In my last blog, I began talking about the cost pressures in IT. So what about them? What can we do to save money?
Well, I believe that every company can save money in and with IT by simply standardizing the IT environment.
So let’s imagine. We take a company with about 4’000 employees in the midst of their Windows 7 and Office 2010 upgrade project just before Windows XP runs out of support. The specialists gather to talk about the requirements this new Client “Win7 and Office 2010” has to fulfill. They scramble a list with all the applications that need to run on the next generation of desktops. After shorting the list, they end up with a list of 300 software vendors. How does a company with 4’000 employees end up with 300 Software Vendors? Easily, because in most cases IT grew simultaneously with the business and largely as a cost center. So you have Marketing, Research, Finance etc. all leveraging their own set of tools and to make matters worse most of these tools are highly customized or a completely customized development. Again, with all the cost pressures you end up buying as cheap as possible from a small software vendor to fill the demand. Over time, the applications become critical and often the small software vendor has not kept up with the innovation of the large vendors and because of that, you can’t upgrade the specialized software like your Desktop.
This is when standardization is key and the C-Suite needs to enforce a set of standard solution for the company. When a department asks for customization, request a business impact analysis in return. In many cases the idea has literally zero business impact. We have seen customers turning down new products because it didn’t allow the existing process to be completely integrated into the new solution. The existing process has been there for years and now a new solution with a ton of benefits is being turned down simply because the antiquated process cannot be integrated. Really?
Standardization doesn’t mean that you need to get all your applications from one vendor. What I really challenge you to question is, “Do you need that many applications, that you currently use.” It seems to me today that we as IT are still allowing too many people in our organizations to demand what they want and end up giving them exception after exception.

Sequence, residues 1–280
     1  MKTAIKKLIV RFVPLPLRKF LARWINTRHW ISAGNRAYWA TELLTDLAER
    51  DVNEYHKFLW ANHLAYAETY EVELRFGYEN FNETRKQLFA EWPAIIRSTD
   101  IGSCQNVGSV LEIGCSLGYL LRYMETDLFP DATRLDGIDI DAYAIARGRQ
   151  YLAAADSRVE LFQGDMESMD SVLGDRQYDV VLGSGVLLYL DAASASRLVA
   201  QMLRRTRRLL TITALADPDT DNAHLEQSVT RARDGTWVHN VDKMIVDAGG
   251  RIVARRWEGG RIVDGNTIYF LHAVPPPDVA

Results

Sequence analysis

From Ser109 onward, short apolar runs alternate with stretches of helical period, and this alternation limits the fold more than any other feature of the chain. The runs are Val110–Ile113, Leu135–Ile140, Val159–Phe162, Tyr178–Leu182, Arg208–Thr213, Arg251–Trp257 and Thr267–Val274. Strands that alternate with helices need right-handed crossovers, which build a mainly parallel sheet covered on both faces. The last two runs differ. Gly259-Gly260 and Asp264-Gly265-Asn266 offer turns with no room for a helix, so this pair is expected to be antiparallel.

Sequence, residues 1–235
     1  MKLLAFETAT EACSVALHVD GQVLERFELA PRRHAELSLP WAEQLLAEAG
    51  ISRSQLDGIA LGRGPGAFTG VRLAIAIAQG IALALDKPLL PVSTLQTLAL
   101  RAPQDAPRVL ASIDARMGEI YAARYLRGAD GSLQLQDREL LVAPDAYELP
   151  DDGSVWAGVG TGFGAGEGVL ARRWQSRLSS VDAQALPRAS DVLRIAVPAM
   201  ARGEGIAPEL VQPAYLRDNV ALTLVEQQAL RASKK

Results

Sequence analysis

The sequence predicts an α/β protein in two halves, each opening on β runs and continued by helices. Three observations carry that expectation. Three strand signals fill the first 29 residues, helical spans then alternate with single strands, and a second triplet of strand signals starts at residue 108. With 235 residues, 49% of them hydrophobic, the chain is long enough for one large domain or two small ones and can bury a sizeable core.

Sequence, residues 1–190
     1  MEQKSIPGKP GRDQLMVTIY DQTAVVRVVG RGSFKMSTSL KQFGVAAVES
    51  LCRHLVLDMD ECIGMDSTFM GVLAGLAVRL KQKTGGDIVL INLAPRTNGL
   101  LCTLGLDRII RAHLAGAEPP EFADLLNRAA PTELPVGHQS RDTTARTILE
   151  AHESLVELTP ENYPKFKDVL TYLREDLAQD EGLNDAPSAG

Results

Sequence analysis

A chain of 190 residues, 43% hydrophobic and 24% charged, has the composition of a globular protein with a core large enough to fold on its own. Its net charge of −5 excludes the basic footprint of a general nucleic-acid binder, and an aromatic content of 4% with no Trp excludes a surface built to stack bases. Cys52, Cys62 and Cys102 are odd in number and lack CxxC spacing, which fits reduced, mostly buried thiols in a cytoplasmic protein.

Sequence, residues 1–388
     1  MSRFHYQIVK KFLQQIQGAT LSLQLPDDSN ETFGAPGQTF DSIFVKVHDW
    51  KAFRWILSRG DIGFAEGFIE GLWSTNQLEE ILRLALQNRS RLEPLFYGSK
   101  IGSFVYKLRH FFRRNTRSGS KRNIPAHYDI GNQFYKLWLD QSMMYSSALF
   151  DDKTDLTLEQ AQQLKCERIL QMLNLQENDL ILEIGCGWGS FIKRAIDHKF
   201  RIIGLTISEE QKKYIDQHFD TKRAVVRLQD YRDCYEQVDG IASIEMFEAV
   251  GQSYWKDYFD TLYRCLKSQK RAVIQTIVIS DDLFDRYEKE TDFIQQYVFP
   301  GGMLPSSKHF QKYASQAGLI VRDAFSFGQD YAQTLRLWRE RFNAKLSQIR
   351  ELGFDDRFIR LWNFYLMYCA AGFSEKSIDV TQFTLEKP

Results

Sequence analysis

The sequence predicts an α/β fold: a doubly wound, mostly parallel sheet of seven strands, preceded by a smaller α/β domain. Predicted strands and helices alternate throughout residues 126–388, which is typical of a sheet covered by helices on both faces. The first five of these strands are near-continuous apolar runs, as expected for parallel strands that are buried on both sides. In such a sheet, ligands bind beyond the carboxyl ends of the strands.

For example, many passionate sports car enthusiasts drive a standard sports car, right? Only a few percent go to the extent of actually building a top of the line sports car for themselves. Why? Because the standard sports car is good enough. The benefit of the car built from scratch doesn’t make up for the extra cost.
The same goes for applications. The benefits of highly customized applications often don’t make up for the extra costs. Especially when viewing the whole life cycle picture and acknowledging the dependencies it creates within the IT environment. This scenario can easily lead to the point where you get stuck and can’t upgrade other parts of your environment, which will cost you a lot more to rectify and can actually make you vulnerable. This doesn’t mean that you shouldn’t make your own solutions. What I am saying is to drive your business with innovative applications, and do it right by forgoing the cost center mentality and treating it as an investment for the future of your business.
With the rise of the cloud, there is no more time to loose. I challenge you to make the decision and empower your IT department to simplify the environment and give them room to work on innovation projects rather than just life cycle projects. Doing so will not only help you to reduce costs but also to gain efficiency and the advantage over your competitors.
Do you agree? What are your thoughts?